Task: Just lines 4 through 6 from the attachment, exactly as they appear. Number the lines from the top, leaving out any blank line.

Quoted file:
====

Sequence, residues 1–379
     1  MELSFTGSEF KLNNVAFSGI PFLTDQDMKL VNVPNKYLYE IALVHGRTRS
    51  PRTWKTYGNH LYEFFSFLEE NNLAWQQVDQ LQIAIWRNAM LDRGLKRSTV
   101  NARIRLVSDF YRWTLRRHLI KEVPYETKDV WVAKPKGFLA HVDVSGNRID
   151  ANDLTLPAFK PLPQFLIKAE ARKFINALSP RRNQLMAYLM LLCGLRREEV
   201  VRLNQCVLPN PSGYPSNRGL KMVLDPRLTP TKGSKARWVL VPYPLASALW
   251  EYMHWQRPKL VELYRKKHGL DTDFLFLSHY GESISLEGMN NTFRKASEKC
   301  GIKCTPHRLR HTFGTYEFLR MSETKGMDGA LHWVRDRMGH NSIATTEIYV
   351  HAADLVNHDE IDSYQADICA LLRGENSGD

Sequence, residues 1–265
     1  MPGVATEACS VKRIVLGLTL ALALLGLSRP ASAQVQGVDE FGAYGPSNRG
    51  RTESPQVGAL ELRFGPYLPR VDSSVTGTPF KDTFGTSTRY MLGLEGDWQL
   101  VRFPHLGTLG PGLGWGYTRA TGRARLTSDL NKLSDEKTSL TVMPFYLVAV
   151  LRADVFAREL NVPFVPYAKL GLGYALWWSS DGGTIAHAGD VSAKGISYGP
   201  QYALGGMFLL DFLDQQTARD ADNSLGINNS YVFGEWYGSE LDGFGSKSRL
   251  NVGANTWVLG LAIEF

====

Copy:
   101  NARIRLVSDF YRWTLRRHLI KEVPYETKDV WVAKPKGFLA HVDVSGNRID
   151  ANDLTLPAFK PLPQFLIKAE ARKFINALSP RRNQLMAYLM LLCGLRREEV
   201  VRLNQCVLPN PSGYPSNRGL KMVLDPRLTP TKGSKARWVL VPYPLASALW